It's Saturday. And around here that means dance class. Or should I say, "dance class." Maren goes to an Orff music class at the local high fallutin' dance company. It's actually not really a dance class so much as place to learn about rhythm and sound. It's really kind of a feeder program into the high fallutin' ballet program.
Being the big important dance company that it is, I'm always pleased to see that they spend company money where they should: on excellent instruction. I can tell that because the parent's waiting areas are... well... less prioritized.
There are two rooms for the parents: one with couches and coffee tables where people can talk and socialize and have small children, and a quiet room. The couches all sink nearly to the ground. It's kind of fun to see how low each spot on each couch will go. But I avoid the couch room--being the unapproachable, bitchy type, I don't like to be forced into banal, uninteresting small talk. Besides, I can do all the people-watching I want from the quiet room, so why would I put myself in the middle of all of that hullybully?
The quiet room is filled with plastic chairs and tables. And there's a missing ceiling tile that reveals a rusty bit of duct work and a bucket. Every time I see that I think to myself how glad I am that this premiere dance school spends it's money on instruction.
The parents are what make the waiting areas the most interesting. There's an unstated pissing contest going on. Who's the most cerebral, who's the calmest with their unruly child, who's the most on-time. Everyone seems to be trying to outdo everyone else at being perfectly normal. Even the knitters: who has the funnest yarn (yes, I said funnest!) or the most interesting pattern or can knit the fastest. It's a very competitive group. VERY competitive. But nobody would ever admit to it. Dear god, nobody would even begin to acknowledge it. But there's no escaping the competition in that room.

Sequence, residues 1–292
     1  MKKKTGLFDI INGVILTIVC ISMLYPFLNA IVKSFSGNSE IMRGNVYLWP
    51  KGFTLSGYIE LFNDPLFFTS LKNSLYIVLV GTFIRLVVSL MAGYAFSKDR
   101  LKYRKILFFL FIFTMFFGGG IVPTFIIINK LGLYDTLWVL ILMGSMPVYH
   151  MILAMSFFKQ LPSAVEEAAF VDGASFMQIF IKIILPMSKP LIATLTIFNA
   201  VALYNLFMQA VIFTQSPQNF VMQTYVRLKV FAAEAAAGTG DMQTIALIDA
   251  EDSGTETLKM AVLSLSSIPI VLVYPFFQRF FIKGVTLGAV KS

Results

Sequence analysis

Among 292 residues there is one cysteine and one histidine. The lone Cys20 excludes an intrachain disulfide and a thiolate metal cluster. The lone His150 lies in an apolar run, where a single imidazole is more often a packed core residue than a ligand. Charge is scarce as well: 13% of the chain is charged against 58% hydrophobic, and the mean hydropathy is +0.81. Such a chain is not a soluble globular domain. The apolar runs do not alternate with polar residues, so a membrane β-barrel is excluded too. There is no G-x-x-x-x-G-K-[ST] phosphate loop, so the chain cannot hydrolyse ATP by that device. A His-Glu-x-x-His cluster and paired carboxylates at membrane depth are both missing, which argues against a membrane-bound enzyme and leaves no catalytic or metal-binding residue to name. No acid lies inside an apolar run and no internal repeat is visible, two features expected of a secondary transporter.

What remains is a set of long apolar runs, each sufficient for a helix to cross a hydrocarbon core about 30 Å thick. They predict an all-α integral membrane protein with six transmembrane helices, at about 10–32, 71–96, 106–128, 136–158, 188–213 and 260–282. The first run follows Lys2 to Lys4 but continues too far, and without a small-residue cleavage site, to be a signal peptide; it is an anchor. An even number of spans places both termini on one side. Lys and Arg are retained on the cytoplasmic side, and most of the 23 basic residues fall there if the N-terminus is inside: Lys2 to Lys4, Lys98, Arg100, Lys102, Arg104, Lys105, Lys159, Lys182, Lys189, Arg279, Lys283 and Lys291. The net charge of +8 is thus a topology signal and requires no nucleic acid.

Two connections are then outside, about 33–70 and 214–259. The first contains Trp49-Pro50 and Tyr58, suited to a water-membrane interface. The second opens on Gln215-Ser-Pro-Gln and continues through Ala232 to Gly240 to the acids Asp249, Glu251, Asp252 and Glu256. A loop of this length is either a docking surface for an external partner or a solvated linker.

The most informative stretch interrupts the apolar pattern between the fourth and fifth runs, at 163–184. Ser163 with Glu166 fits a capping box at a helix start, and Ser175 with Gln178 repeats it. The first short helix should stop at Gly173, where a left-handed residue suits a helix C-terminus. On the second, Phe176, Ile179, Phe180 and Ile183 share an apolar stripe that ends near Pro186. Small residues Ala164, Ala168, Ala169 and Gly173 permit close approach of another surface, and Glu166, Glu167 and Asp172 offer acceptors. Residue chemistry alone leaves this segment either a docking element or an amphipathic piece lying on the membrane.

Today I had to sit in a different spot in the quiet room. No big deal for me. I like sitting someplace new every time I go. But I had to sit at the table where a dad sits every week. He likes to sit in the same chair and he likes to sit alone.
I think he's a psychiatrist. His coffee mug has the name of a psychiatric firm on it and he seems more like a doctor than a patient. And he always has this journal with him that he reads/writes in. But today, I could tell it totally freaked him out that I was sitting at his table when he got there. But he made do.
He sat down and read in his journal. He even very quietly chuckled to himself at something in the journal at one point. The most noise the good doctor had made up until then. Until a few minutes later.
As I was sitting crocheting I felt a horrible bout of gas coming on. (I know, you don't want to know that about me, but it's important for the story.) The entire time I sat through dance class today in the quiet room next to the good doctor, right next to the good doctor, I was fighting the urge to pass gas. With every bit of strength in my body I was fighting that urge. Fighting that urge. Because I would die if I farted in public. Great god and odsbodikins. I. Would. Die.
Wrapt in my own private hell, tormented by the likelihood that, at any second, I was about to create my own worst fear, I heard something I could not believe: the good doctor farted. And loudly. Very loudly. He did it. It wasn't me.
I am very proud to report that not one person in the room acknowledged the event. Noone even flinched. We were such grown-ups! But the rest of the time in that room all I could think was, "Don't let me be Dr. Fart Boy, too."
I made it. I survived the time in the quiet room with no embarrassing outbursts. I feel that it was some sort of grand achievement, but while I'm proud of it, I don't know that I'll actually go around bragging.